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RBI Is Buying Dollars Like They're Going Out Of Fashion, With Reserves Up To $347 Billion


RBI’s forex reserves are up to a record $347 billion, including its known forward exposure. In data released today, RBI’s forex numbers came in at another $2.4 billion higher, which is likely to be because the RBI is buying dollars like there’s no tomorrow. Also imports seem to be lower than expected, so there must be pressure on the rupee to rise since forex inflows from Foreign Institutional Investors seems to be quite high.


This has been scary in the past, as dollar purchases from the RBI causes inflation in India. (Because it prints rupees, and the printed rupees come into circulation, which instantly gets multiplied because Indians are starved of credit, and that means now there’s a lot more rupees out there and not quite enough of stuff to buy, which means prices go up)

RBI also released more data about how much it actually bought. RBI’s forex reserve data may not tell us that because it may own Euros which, if they appreciate against the dollar, will cause the dollar based forex reserve look higher without actual RBI buying. The actual data of buying is released with a lag of two months. In Jan and Feb 2015, the RBI has bought $12 bn and $7.8 billion respectively!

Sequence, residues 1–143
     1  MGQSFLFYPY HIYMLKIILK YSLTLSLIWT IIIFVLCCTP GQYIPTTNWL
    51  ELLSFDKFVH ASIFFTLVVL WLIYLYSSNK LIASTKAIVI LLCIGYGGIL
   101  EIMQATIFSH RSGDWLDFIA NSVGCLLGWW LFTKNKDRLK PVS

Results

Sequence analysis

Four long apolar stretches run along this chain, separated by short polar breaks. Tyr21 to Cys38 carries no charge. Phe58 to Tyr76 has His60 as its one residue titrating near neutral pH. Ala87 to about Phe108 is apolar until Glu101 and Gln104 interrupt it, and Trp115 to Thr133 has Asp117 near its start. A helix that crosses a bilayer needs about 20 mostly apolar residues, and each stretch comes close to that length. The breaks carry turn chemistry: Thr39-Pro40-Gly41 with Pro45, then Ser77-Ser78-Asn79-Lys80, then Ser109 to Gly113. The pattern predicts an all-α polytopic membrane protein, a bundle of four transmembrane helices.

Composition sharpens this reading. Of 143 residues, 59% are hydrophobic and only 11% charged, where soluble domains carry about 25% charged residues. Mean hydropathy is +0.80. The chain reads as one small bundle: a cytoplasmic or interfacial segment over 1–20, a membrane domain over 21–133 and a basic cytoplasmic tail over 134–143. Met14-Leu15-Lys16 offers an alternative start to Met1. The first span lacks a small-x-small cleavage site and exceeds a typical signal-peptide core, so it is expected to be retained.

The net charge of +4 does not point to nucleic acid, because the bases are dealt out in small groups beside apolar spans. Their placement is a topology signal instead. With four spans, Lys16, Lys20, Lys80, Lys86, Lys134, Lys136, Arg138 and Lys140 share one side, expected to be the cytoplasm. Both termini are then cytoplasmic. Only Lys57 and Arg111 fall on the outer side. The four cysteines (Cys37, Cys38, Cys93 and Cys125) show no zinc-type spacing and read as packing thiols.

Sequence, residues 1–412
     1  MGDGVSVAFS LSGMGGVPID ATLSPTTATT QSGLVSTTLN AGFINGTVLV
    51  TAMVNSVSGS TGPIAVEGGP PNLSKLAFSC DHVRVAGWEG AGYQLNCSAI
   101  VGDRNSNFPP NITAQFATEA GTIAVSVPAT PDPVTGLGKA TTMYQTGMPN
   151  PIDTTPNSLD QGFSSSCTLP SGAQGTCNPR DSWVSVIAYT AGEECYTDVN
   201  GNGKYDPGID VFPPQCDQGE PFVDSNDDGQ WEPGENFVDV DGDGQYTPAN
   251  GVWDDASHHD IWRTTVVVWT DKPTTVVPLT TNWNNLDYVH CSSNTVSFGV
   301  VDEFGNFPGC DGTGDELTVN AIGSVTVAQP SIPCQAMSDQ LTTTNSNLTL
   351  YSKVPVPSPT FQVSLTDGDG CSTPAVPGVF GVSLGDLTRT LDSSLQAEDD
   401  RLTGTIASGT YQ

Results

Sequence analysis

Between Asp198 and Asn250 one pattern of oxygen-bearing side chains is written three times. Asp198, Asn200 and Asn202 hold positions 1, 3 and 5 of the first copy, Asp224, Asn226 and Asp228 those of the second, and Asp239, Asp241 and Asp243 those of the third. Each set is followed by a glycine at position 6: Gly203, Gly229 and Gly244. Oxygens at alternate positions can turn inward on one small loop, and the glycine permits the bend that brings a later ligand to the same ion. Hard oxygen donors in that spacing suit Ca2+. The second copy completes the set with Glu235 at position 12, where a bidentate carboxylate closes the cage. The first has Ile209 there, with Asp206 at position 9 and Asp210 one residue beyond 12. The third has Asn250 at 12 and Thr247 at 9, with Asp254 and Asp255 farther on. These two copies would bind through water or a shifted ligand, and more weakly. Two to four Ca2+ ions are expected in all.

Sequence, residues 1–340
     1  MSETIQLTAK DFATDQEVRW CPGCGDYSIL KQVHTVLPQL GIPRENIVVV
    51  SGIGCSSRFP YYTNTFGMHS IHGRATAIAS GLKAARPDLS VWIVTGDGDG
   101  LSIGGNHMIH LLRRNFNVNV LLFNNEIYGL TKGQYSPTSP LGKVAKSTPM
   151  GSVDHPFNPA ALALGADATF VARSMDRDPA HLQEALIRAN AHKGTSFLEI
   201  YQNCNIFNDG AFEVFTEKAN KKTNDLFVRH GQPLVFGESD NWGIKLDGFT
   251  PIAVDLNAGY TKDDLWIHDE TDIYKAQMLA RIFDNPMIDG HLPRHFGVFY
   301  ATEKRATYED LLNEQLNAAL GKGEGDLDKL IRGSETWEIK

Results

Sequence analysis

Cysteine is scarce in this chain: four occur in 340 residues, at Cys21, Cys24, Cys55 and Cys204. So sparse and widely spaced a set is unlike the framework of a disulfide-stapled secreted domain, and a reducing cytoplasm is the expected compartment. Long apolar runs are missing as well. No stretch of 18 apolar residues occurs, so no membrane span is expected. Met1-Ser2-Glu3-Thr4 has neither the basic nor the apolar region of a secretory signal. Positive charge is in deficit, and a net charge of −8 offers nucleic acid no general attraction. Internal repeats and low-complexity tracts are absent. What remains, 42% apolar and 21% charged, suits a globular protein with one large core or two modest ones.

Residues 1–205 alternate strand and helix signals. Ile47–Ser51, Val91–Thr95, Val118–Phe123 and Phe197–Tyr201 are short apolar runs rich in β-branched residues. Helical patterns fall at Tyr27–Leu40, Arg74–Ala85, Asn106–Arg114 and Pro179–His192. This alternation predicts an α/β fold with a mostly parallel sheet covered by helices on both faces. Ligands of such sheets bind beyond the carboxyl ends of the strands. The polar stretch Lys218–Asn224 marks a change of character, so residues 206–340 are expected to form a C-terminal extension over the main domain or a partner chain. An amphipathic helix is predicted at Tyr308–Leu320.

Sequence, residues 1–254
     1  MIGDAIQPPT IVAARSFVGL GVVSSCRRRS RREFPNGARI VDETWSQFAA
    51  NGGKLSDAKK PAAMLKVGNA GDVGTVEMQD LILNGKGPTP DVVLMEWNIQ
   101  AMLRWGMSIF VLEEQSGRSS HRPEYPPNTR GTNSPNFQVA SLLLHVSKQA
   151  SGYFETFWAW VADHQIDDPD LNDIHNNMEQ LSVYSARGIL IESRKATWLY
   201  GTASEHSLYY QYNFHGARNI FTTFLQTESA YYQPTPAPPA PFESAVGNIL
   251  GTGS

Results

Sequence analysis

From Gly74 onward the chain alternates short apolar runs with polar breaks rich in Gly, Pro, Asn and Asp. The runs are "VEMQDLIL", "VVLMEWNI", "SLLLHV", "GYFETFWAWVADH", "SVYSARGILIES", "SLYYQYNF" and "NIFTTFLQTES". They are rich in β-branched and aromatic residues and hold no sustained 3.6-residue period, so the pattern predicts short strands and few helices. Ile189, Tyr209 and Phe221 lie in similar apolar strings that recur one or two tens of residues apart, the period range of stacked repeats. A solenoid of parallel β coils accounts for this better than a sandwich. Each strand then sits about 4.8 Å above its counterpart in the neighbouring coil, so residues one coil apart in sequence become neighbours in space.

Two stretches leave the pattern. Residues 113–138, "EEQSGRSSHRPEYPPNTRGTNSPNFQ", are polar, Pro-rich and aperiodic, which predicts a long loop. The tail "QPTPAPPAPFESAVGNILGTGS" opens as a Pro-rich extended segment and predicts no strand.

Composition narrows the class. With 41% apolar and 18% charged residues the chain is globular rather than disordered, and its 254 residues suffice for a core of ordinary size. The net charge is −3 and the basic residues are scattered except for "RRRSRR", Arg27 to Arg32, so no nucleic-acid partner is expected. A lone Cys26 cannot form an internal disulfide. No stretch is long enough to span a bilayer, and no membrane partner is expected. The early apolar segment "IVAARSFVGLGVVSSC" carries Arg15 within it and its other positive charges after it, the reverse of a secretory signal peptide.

There’s only one scary part about this: Inflation. RBI has been printing to buy dollars recently, so why isn’t there any inflation? Answer: because it’s not allowed rupees to go berserk, in terms of higher money supply. RBI has been selling rupee bonds and putting the rupees out that it gets of circulation. But not any more.

(RBI owns rupee government bonds because it buys them once in a while, typically as “OMO” operations or as part of deals it makes in the market. It holds these bonds on its balance sheet as part of its long term assets.)

There’s a very good reason that inflation will hit us in a few months, because the RBI has recently changed; it’s no longer selling any more rupee bonds. But we’re going to have to leave that part for a more detailed Macroeconomic piece in Capital Mind Premium.


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